Bridging the gap


By Nicole Walter, Features Editor, Property Monthly

The UAE’s constitution envisioned an emirate-independent capital, which would be on the Abu Dhabi-Dubai border and would be called Al Karama. Although the plan has since been scrapped appointing Abu Dhabi as the permanent capital of the Federation, the expansion of the two emirates is likely to occupy the same space.

    *  Sorouh’s Al Ghadeer project is one of the key developments on the Dubai-Abu Dhabi border. The synergy between the two emirates is expected to translate into an integrated real estate growth     * Image Credit: Supplied
* Sorouh’s Al Ghadeer project is one of the key developments on the Dubai-Abu Dhabi border. The synergy between the two emirates is expected to translate into an integrated real estate growth * Image Credit: Supplied

“There is a synergy between the two cities. I always said there would be an integration between the two on a national level,” says Masoud Al Awar, the CEO of Tasweek. “There is growth now right next to the Dubai-Abu Dhabi border, within the next 15 to 20 years, it will be difficult to see where the border is,” Al Awar is referring to Sorouh’s Al Ghadeer project. And had the global economy not taken a hit and the real estate market slowed down, the landscape in the border areas would have changed even sooner.

Massive developments, or rather ‘cities’, such as Ghantoot’s redevelopment, and the new Forest of Sieh Sdeirah project are still on the drawing board. These would neatly near flow into Dubai’s Jebel Ali Waterfront and Arabian Canal developments.

Even now, industry watchers believe the best way forward would be for Dubai and Abu Dhabi to co-opt their individual development priorities and work towards a common goal. “Despite Dubai being a story of oversupply and Abu Dhabi of undersupply, investors don’t differentiate between the two, but look at the country’s balance sheet as a whole taking a collective view of the risk,” states Saud Masud, UBS’s head of research and senior real estate analyst for MENA.

A unified picture of the two emirates seems to make perfect sense. The question though is whether there will be too much of everything. Up to now, each emirate in the UAE seems to have gone solo as far as real estate development planning is concerned.

For instance, take Dubai World Central, the Logistics and Industrial cities, while Abu Dhabi is also planning to enlarge its offerings in this respect. Dubai’s World Trade Centre exhibition district also competes against Abu Dhabi’s Adnec.

Even Ras Al Khaimah was planning to create a convention zone as the gateway to its emirate, complete with financial centre. Dubai has DIFC and Abu Dhabi will have a dedicated financial district in Sowwah Island.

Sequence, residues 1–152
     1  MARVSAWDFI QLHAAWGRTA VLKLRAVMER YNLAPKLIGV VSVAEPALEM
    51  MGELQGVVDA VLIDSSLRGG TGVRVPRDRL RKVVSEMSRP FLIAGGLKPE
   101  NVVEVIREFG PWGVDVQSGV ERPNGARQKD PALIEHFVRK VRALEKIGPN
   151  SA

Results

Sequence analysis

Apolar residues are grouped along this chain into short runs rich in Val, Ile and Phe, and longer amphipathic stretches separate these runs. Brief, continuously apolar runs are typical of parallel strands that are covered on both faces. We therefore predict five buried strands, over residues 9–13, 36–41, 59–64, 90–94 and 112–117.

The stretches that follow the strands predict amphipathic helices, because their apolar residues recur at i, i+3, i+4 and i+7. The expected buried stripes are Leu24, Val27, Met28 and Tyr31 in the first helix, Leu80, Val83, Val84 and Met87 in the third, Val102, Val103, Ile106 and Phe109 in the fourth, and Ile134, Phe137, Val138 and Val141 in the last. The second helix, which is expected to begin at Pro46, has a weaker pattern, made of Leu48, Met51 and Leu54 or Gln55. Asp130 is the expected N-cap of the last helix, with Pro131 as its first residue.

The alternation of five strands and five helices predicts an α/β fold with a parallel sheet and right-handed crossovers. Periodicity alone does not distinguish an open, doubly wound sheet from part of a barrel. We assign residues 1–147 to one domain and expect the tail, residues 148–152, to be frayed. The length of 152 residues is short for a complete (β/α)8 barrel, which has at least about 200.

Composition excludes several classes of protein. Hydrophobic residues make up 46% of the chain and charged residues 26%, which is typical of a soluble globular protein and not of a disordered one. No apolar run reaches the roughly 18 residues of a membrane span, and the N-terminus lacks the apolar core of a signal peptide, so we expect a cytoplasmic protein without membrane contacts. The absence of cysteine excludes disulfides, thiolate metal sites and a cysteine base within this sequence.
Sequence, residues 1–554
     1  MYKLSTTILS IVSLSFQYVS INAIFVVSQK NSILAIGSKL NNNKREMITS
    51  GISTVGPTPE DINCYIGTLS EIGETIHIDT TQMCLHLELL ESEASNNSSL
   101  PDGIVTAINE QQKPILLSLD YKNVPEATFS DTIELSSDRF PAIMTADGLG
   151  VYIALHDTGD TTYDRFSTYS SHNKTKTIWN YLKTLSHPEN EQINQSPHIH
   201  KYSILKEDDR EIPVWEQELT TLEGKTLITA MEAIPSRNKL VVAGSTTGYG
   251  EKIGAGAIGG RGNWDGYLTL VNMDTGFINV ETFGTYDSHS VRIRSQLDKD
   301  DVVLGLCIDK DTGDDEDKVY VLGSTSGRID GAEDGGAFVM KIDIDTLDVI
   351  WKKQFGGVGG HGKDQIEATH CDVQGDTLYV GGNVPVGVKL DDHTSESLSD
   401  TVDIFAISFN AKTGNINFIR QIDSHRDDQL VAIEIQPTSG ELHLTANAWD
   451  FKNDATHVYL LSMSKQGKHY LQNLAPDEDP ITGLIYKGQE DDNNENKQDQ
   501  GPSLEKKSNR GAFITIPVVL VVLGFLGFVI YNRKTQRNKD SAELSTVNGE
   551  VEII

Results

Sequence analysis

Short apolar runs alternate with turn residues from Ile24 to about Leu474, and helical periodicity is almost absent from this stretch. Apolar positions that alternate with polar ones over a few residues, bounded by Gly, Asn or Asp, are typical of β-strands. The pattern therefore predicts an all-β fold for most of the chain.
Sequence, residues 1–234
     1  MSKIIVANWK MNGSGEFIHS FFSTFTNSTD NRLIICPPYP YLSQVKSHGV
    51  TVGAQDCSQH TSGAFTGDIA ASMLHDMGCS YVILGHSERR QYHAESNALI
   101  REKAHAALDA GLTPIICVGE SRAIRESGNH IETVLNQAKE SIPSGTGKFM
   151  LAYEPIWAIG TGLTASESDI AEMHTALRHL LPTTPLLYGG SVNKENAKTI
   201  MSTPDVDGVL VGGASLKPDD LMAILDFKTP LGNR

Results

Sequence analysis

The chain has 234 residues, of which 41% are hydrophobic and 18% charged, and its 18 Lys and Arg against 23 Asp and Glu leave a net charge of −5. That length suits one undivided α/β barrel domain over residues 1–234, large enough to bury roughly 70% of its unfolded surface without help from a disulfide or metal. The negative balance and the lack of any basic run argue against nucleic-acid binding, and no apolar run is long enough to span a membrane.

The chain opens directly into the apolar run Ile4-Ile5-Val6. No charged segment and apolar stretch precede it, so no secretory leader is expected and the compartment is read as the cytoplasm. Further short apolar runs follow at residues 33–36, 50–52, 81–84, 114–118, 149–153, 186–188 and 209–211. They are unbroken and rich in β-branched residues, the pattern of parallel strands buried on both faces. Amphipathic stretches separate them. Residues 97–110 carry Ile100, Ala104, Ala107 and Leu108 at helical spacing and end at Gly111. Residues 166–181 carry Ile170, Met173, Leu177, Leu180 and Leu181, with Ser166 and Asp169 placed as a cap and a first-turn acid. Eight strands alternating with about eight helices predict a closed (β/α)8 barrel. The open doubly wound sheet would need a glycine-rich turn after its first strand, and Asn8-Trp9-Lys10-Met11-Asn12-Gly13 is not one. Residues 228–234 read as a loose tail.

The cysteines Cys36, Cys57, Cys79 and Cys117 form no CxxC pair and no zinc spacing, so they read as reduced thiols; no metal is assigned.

For Dubai’s Media and Studio cities, Abu Dhabi has a media zone in ‘twofour54′. When it was conceived, Sama Dubai’s Lagoons was to have a cultural heart, including museums and opera house. Once Abu Dhabi’s Saadiyat Island reaches its full potential, it will be the cultural destination of some eminence in the larger scheme of things.

Dubai is ahead with some of these developments and Abu Dhabi is now ahead in others. Would it not make sense to create a federal plan allocating which emirate does what?

“There will be a natural shakeout of who does which element,” reckons Elaine Jones, Asteco’s CEO. “Dubai is the trading and financial hub, Abu Dhabi is the capital just like in any other country.”

She points out that the demographic mix in each emirate is different with Abu Dhabi housing more Arab expatriates and Dubai more Europeans and residents from the subcontinent. Therefore, there is a need to focus on different lifestyles. And those living in the northern emirates have yet another reason to be there.

“They have businesses in Dubai and Abu Dhabi, but they choose to live in the ‘countryside’ because they want a more relaxed life,” Elaine adds.

While for now each emirate needs to put its house in order, simultaneously engaging in communication on what to build and where would only benefit the country as a whole. “I think the play-off between Abu Dhabi and Dubai going forward is going to be a very interesting story,” says Steven Morgan, who is head of Cluttons’ Dubai office and also oversees the Abu Dhabi operations. “Ultimately, the emirates are stronger as a group than as seven individual emirates.”

He advocates something of a UAE 2030 urban plan focusing on real estate, utility and transport infrastructure, including a federal law on property and best practices.

“It needs to be looked at very sensitively without losing the very different identities of each of the emirates,” Morgan says.